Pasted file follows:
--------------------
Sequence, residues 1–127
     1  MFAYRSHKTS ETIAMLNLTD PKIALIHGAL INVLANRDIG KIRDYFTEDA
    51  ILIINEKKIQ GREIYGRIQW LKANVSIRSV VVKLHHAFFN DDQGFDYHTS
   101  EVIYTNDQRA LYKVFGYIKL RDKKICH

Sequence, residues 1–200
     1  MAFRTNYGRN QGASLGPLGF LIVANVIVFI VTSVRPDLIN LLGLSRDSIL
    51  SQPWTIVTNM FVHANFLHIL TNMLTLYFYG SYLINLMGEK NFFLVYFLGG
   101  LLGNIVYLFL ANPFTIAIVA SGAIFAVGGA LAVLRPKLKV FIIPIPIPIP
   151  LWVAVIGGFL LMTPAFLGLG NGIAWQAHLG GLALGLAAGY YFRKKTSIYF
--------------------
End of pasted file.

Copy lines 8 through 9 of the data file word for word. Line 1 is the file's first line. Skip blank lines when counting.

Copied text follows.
   101  LLGNIVYLFL ANPFTIAIVA SGAIFAVGGA LAVLRPKLKV FIIPIPIPIP
   151  LWVAVIGGFL LMTPAFLGLG NGIAWQAHLG GLALGLAAGY YFRKKTSIYF